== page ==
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It is a long way from the bottom of the academic ladder to the deanship of a business school, but it is even further from the bottom of a coal pit. However, working down a pit and being dean of a business school are just two of the entries on the curriculum vitae of Michael West, now dean of Aston Business School in the UK.

Not that Prof West became a south Wales miner by the traditional route. In fact, he must have been the only miner at Oakdale Colliery in Gwent at that time to have a PhD in psychology.

It was an interest in organisational psychology that took him from Wales to work in universities as far afield as the Netherlands, Australia and Bermuda. He joined Aston in 2001 from the London School of Economics, where he worked in the centre for economic performance.

As someone brought up in south Wales, Prof West, who became dean at Aston in April this year, places a high value on the location of the school – in the heart of Britain’s second largest city, Birmingham. It is one of the cards he intends to play in promoting the institution to students and companies as he builds up the school’s portfolio of programmes.

Perhaps not surprisingly, then, one of the top items on the list is to develop executive education courses, arguably the most effective way for a state-run university to bring in the cash. At the moment the school has an annual turnover of £450,000 in non-degree short courses, but Prof West aims to double that in the next year. Within six years he hopes to double it again.

To achieve this, Prof West – who would look just as much at home as chairman of a corporate board as he does as dean of a business school – says the emphasis will be on customised corporate education: “We will have solid partnerships with 20 organisations in the region and nationally.”

He is nothing if not pragmatic. While many deans at similar business schools profess that they want to be one of the world’s top institutions, he has set his sights on developing from a strong regional player to a strong national player and then a European business school. “It’s unrealistic to expect every business school to be recognised internationally,” he says.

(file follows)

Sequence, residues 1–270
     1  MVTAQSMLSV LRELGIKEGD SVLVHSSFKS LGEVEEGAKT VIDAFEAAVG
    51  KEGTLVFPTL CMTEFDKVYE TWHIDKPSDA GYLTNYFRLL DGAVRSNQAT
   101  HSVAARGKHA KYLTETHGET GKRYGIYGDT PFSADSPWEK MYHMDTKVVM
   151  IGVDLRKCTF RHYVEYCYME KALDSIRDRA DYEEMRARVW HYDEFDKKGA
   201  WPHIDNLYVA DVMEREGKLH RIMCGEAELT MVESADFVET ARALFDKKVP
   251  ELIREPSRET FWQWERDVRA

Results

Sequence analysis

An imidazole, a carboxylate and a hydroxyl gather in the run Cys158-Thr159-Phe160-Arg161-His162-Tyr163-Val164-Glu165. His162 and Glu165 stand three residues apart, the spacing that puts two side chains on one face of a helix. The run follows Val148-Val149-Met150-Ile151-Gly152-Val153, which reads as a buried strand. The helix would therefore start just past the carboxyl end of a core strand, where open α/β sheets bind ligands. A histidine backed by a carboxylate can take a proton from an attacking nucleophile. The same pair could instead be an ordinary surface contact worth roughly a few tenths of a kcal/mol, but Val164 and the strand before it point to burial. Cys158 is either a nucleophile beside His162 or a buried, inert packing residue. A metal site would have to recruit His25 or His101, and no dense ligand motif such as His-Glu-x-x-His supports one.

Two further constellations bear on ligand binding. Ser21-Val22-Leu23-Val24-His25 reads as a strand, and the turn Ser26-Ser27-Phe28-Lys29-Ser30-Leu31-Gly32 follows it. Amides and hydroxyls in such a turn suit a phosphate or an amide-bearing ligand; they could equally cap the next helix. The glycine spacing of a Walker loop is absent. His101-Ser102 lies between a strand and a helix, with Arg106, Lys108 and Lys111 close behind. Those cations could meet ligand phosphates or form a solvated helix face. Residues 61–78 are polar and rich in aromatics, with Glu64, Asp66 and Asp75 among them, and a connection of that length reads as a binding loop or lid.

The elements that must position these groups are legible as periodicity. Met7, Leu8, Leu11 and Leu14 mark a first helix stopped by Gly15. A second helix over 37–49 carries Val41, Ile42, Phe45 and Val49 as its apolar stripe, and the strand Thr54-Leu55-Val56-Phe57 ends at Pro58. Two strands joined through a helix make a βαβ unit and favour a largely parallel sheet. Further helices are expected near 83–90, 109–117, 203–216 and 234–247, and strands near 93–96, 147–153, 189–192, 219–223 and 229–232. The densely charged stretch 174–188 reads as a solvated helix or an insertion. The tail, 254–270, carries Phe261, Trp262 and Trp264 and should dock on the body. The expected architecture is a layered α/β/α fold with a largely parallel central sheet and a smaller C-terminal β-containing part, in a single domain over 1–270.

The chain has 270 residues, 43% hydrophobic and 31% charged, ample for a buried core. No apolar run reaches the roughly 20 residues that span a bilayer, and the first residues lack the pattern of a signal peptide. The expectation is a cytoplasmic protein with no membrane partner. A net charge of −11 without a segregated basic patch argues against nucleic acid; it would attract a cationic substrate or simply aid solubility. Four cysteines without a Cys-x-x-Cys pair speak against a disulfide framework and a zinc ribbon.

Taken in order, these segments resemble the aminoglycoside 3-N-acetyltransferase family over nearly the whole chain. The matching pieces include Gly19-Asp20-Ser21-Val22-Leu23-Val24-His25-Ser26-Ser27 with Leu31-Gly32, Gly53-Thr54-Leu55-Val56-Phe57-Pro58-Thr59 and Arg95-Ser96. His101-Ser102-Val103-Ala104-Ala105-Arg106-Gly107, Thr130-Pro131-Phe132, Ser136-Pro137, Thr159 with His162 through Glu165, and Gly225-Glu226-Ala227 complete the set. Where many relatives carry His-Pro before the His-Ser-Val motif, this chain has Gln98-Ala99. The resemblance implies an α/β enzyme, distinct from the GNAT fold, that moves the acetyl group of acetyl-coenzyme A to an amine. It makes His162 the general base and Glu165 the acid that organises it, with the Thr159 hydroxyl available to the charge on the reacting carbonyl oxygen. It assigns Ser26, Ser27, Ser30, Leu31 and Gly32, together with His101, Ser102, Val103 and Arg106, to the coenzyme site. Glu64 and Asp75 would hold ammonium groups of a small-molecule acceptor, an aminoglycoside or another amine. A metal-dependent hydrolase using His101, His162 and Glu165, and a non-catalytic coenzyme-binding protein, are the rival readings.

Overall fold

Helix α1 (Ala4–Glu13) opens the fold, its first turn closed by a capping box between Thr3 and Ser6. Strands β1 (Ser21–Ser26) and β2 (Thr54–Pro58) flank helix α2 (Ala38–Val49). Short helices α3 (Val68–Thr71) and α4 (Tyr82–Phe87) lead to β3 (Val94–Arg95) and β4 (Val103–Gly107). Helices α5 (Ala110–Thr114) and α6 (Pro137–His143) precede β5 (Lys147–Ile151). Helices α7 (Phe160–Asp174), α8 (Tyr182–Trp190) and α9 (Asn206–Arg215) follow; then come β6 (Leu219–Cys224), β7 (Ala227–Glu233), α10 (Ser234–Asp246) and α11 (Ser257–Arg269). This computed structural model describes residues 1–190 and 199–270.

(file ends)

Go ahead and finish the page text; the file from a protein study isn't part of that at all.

Building on the school’s regional character will be central to growth. “We want to be seen as a school which is strong in diversity,” he says. With Birmingham in the running to become the UK’s first predominantly non-white city, diversity is a clever card to play. It has also helped the school build relationships with local companies and the local Chamber of Commerce.

Research is one of the other hot topics for Prof West – as the former head of research at Aston it is a subject close to his heart. The school is working on developing four areas of research, briefly summarised as performance measurement, diversity, leadership and strategy. Today the school attracts some £1.2m of research funding, but by focusing on these areas Prof West believes that this figure will increase to £3.6m in four years.

With the UK’s government-run research assessment exercise looming on the horizon, Prof West is happy he has managed to attract top research faculty to the school. These include marketing professor Kwaku Atuahene-Gima from Ceibs in Shanghai and Sam Aryee, an organisational behaviour specialist, from Hong Kong Baptist University. But he has to defend the school against faculty poaching. “If people were not interested in our staff there’d be something very wrong,” he points out.

Unlike many business school academics, Prof West is a fan of the UK’s research assessment exercise (RAE) – the process by which universities achieve their star ratings. “It’s had a very positive effect on research in the UK,” he says. “We’re the second most productive research country after the US and that is due to the RAE. It’s raised the level of quality.”

While executive education and research are potential areas of growth for Aston, the big money-spinner for the school is undergraduate programmes. For the year 2006/7, nearly half of the income came from undergraduate fees. A further 25 per cent came from postgraduate degrees, notably MSc and MBA programmes. Some 70 per cent of postgraduate students come from outside the UK.

For Aston, like many European business schools, the MSc market is one of the hottest. “We’re constantly looking at new MSc programmes,” says the dean. “By far the biggest growth in MSc students is coming from overseas.” Next year the school is hoping to attract 560 MSc students to the city.

One of the significant growth areas will be in joint subjects. In developing these programmes, Prof West intends to forge closer inks within the university.

He also believes his own research in psychology – he has written several books on effective teamwork – will be invaluable in running a business school. He began his tenure by conducting a staff attitude survey that concluded that the business had a very positive and warm community.

“We’re a great school with great research and a great spirit.”

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